Have a look at Ganymede as seen by the Juno spacecraft on December 26, 2019, the day after Christmas (and a day and time that now seems impossibly distant given all that has been going on closer to home). Jupiter’s largest moon is also the largest satellite in the Solar System, bigger even than Titan, and 26% larger than the planet Mercury, though far less massive. Our view comes courtesy of Juno’s Jovian Infrared Auroral Mapper (JIRAM) instrument.
Image: These images were taken by the JIRAM instrument aboard NASA’s Juno spacecraft on Dec. 26, 2019, providing the first infrared mapping of Ganymede’s northern frontier. Frozen water molecules detected at both poles have no appreciable order to their arrangement and a different infrared signature than ice at the equator. Credit: NASA/JPL-Caltech/SwRI/ASI/INAF/JIRAM.
Three-quarters the size of Mars, Ganymede began turning up in science fiction early in that genre’s development, as in Stanley Weinbaum’s “Tidal Moon,” which ran in the December, 1938 issue of Thrilling Wonder Stories. Begun by Weinbaum and finished by his sister after his death, the tale depicts a surreal, warm Ganymede, a world of large oceans with massive tidal effects causing global flooding. These days we put a lot of emphasis on Jupiter’s tidal squeeze as we consider energy sources for maintaining Europa’s ocean. Ganymede, too, is thought to contain an internal ocean, with terrain features showing disruption by tidal heating.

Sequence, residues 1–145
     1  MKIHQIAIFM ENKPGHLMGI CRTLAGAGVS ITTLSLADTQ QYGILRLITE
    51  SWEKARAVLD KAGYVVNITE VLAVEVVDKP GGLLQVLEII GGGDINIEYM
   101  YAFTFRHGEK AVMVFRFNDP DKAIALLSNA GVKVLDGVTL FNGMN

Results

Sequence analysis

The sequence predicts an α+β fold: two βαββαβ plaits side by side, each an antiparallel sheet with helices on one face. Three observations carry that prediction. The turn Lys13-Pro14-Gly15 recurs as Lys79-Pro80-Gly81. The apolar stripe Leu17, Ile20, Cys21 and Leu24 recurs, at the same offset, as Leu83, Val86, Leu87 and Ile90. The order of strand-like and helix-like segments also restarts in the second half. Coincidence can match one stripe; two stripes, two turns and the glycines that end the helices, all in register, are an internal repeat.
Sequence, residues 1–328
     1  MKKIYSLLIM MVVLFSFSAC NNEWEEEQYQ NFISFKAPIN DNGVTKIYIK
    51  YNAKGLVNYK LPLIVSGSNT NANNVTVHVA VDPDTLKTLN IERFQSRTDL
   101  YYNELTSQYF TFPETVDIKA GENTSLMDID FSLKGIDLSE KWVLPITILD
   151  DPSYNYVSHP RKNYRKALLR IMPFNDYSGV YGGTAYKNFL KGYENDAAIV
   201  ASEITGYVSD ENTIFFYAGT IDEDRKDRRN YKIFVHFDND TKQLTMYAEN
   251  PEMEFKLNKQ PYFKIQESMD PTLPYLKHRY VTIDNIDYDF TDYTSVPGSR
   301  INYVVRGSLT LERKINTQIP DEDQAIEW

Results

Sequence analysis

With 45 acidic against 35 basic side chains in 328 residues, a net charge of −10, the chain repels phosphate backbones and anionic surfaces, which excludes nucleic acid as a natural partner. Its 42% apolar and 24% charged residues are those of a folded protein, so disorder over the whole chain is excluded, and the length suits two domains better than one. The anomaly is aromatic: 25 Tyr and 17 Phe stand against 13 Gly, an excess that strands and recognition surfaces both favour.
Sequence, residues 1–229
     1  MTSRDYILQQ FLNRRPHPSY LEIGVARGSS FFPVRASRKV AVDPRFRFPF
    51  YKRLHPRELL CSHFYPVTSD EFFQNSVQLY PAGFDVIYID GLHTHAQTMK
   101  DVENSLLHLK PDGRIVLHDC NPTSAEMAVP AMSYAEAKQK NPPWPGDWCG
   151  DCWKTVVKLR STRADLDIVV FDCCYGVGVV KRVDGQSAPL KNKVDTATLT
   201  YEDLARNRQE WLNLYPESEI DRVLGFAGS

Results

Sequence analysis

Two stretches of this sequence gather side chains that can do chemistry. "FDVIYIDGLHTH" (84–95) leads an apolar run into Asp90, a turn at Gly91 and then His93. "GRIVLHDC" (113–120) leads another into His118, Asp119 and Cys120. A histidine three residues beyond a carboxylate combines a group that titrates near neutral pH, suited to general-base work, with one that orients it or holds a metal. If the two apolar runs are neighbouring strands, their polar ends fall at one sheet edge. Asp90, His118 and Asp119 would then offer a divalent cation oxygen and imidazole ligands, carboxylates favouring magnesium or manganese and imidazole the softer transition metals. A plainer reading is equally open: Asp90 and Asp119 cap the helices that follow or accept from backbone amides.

Robert Heinlein’s 1953 novel Farmer in the Sky involves a terraformed and colonized Ganymede, and my personal favorite is Poul Anderson’s The Snows of Ganymede (1954), mostly because it triggers memories of a battered Ace Double, though it’s an otherwise negligible fragment of a great writer’s work. But I’d better stop there — references to the moon in fiction could go on for some time.
Image: Originally published in Startling Stories in 1955, Poul Anderson’s novella appeared as one half of an Ace Double in 1958.
Although the place is less hospitable than depicted in early stories, Ganymede has lost none of its scientific interest. This is the only moon in the Solar System with its own magnetic field, which produces interesting effects at the poles, bombarded as they are by plasma from Jupiter’s vast magnetosphere.
Alessandro Mura is a Juno co-investigator at the National Institute for Astrophysics in Rome:
“The JIRAM data show the ice at and surrounding Ganymede’s north pole has been modified by the precipitation of plasma. It is a phenomenon that we have been able to learn about for the first time with Juno because we are able to see the north pole in its entirety.”
What’s happening here is that Ganymede’s magnetic field lines draw charged particles along them to the poles, disrupting the crystalline structure of the ice. The phenomenon can be tracked because such ‘amorphous ice’ shows a different infrared signature than the crystalline ice found at the moon’s equator. Although designed for infrared studies below Jupiter’s cloud tops, JIRAM has proven effective for studying the Galilean moons whenever JUNO makes a fortuitous pass. The instrument collected 300 infrared images on this flyby, with a closest approach of roughly 100,000 kilometers. The spatial resolution is 23 kilometers per pixel.
Image: The north pole of Ganymede can be seen in the center of this annotated image taken by the JIRAM infrared imager aboard NASA’s Juno spacecraft on Dec. 26, 2019. The thick line is 0-degrees longitude. Credit: NASA/JPL-Caltech/SwRI/ASI/INAF/JIRAM.
Our knowledge of Ganymede is going to skyrocket in 2030, when the European Space Agency’s JUpiter ICy moons Explorer mission begins its observations. After flybys of Callisto and Europa, JUICE will enter an elliptical orbit around Ganymede. Launch is scheduled for 2022.